To reduce Trump’s appeal to his supporters’ egalitarian or democratic instincts seems generous, quixotic even. Packer’s failure to acknowledge the role that racism played in Trump’s popularity is a glaring omission: after all, Trump launched his political career trying to discredit the citizenship of the first black US president and deployed racist rhetoric throughout his election campaign and presidency. (Later in the book, Packer writes that racism is too neat an explanation for Trump’s rise, and notes that white men were more likely to vote for Trump than white women – though it’s not clear why this makes racism irrelevant. Other evidence for his theory that white supremacy wasn’t an important factor in Trump’s election includes a comment left by a New York Times reader who says Trump voters aren’t white supremacists.)
“Trump’s inherited wealth and garish lifestyle,” Packer argues, “didn’t invalidate him as a populist tribune in [his supporters’] eyes, as progressives thought it should. Money alone doesn’t invalidate the American idea of equality – what offends ordinary people is being looked down on by those with unwarranted power and privilege.” Perhaps. But it is also worth noting that the median household income of a Trump supporter was higher than that of a Hillary Clinton supporter and of the average American.
In contrast to The Plague Year, in which the level of detail is at times overwhelming, Packer’s slim book deals in generalisations. He argues that over the past few decades, “four narratives have taken turns exercising influence” over public life in the US: “Free America”, which “draws on libertarian ideas, which it installs in the high-powered engine of consumer capitalism”; “Smart America”, which has “outsized economic and cultural influence” and has abandoned patriotism; “Real America”, which Packer describes as “a provincial village where everyone knows everyone’s business, no one has much more money than anyone else, and only a few misfits ever move away”; and “Just America”, obsessed with identity politics, and in whose narrative “justice and America never rhyme”.
“Just America” gets it wrong, Packer claims, because “talking about race rarely gets to the heart of the matter”. What are we to do with these flattened caricatures? “I don’t want to live in the republic of any of [those four narratives],” Packer writes. Fortunately, he will not have to, because they are stereotypes, not realities.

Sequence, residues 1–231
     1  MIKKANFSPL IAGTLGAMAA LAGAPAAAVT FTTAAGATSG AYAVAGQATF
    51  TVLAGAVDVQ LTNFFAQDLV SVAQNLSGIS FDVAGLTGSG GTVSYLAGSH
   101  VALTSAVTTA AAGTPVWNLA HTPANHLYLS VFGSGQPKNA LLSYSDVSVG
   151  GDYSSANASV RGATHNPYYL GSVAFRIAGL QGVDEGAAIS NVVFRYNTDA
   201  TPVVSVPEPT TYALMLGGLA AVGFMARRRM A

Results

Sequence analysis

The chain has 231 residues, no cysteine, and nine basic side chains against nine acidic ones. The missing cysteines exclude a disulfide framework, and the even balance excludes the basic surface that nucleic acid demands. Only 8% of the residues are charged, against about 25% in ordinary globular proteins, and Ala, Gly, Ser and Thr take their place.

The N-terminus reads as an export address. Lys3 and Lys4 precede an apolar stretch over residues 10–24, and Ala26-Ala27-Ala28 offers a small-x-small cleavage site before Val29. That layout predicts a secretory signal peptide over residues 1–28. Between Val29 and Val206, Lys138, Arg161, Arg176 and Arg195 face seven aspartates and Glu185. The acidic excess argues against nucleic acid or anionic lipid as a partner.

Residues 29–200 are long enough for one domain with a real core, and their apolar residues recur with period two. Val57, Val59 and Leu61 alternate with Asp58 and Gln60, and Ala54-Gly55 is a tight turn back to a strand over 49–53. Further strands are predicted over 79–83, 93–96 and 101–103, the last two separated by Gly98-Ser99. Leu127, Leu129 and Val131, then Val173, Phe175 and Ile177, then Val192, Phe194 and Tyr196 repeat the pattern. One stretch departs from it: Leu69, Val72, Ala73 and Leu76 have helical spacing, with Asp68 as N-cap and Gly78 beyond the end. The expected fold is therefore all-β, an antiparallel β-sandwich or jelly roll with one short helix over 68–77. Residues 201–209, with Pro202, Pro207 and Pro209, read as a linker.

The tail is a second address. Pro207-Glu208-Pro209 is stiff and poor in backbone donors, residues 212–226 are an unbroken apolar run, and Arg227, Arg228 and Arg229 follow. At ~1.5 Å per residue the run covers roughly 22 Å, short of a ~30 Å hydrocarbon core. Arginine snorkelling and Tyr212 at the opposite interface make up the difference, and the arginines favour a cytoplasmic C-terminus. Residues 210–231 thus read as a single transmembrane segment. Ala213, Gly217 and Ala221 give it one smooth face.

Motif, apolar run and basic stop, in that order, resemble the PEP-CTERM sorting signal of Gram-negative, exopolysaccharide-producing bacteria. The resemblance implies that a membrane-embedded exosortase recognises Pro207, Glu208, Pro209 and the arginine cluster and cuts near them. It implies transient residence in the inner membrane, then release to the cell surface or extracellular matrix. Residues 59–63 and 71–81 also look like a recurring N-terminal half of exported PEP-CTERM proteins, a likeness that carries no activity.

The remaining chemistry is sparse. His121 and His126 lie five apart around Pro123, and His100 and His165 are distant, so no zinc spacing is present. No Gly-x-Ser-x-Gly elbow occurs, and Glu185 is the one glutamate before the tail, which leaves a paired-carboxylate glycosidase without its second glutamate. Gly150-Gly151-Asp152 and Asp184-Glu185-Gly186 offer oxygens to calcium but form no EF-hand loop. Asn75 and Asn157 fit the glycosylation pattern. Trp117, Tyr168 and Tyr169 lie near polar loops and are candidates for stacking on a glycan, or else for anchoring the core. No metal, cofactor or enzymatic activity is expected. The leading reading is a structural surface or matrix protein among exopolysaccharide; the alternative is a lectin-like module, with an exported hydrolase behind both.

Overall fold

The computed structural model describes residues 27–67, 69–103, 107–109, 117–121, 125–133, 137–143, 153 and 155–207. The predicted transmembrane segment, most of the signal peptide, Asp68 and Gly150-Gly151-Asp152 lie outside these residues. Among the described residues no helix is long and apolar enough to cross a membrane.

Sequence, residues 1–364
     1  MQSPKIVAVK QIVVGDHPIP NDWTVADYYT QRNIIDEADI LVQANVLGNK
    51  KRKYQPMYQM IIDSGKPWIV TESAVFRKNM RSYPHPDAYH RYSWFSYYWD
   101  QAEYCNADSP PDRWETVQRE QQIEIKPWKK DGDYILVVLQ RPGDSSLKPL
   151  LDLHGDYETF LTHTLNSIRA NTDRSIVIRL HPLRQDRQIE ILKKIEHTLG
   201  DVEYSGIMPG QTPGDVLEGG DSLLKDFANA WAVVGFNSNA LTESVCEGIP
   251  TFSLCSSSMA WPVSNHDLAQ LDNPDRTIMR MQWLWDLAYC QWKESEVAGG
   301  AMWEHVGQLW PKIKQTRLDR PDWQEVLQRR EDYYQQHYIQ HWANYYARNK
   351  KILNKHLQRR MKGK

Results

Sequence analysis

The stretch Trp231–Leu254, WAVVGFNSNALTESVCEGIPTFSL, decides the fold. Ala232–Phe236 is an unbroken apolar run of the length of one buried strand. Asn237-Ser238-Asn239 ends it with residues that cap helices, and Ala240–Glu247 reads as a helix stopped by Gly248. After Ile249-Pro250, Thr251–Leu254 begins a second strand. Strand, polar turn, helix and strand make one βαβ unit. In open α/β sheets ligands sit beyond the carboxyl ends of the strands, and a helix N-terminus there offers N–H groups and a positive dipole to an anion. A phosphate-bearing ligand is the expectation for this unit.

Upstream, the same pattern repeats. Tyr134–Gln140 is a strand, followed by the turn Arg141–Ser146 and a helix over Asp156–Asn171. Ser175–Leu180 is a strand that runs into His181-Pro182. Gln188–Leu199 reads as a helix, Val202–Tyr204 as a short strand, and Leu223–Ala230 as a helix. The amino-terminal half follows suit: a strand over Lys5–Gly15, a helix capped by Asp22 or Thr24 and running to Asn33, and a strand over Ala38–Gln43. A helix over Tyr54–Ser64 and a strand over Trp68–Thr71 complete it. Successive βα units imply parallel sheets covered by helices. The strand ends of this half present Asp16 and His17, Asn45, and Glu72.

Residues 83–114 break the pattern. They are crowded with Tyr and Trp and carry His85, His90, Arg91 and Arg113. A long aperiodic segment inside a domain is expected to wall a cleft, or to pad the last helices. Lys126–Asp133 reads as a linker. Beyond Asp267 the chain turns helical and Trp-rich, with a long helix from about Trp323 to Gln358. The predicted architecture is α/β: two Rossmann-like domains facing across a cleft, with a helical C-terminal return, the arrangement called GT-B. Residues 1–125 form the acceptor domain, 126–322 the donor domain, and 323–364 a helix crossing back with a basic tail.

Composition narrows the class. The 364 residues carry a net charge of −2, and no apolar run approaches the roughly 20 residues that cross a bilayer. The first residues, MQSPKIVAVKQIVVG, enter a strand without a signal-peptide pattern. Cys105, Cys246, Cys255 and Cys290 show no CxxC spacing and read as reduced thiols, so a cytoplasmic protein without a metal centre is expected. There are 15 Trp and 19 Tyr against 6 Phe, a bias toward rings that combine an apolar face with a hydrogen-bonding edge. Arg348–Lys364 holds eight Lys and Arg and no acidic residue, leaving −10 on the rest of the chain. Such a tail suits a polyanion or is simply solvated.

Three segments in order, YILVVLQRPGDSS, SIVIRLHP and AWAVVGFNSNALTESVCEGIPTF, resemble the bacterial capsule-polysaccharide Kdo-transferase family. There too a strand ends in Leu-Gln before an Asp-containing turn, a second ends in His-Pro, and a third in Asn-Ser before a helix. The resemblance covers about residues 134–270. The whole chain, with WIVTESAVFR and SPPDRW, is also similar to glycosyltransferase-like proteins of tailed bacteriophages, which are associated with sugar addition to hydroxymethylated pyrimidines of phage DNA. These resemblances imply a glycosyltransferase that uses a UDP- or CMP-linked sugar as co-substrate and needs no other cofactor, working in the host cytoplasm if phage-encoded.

Having established the contours of America’s crisis, Packer turns his attention to the project of renewal. “With all our divisions,” he asks, “what do we have in common? Is there some underlying adhesive that can make us a country again?” He delivers trite reflections – on how violence and kindness go together in the US, how American life is shaped by the code of equality – and familiar bromides: the road that could make us equal citizens connects our past and future. We’ve been here before, he says. We still want democracy. We need new ways of thinking and living.
Packer concludes by criticising (without naming names) young journalists who, he believes, reject journalistic objectivity in favour of moralising, and are hostile to free expression. (Packer was one of the signatories of the Harper’s letter on open debate, which included a similar critique: “Editors are fired for running controversial pieces; books are withdrawn for alleged inauthenticity; journalists are barred from writing on certain topics.”)
It’s worth pointing out that the young journalists he criticises are often people of colour in predominantly white newsrooms, and are offering a different way of seeing the world and challenging who gets to define objectivity.
Last Best Hope is perhaps a better guide to George Packer’s world-view than to the American crisis he is trying to diagnose, and lacks the journalistic rigour of his previous books. At one point, as if anticipating such criticism, he writes: “The most durable narratives are not the ones that stand up best to fact checking. They’re the ones that address our deepest needs and desires.” It’s true that nations and citizens need stories. But they need to be grounded in something more substantial than what’s offered here.
Last Best Hope: America in Crisis and Renewal
Jonathan Cape, 240pp, £14.99
The Plague Year: America in the Time of Covid
Allen Lane, 336pp, £20
This article appears in the 23 Jun 2021 issue of the New Statesman, How Brexit changed us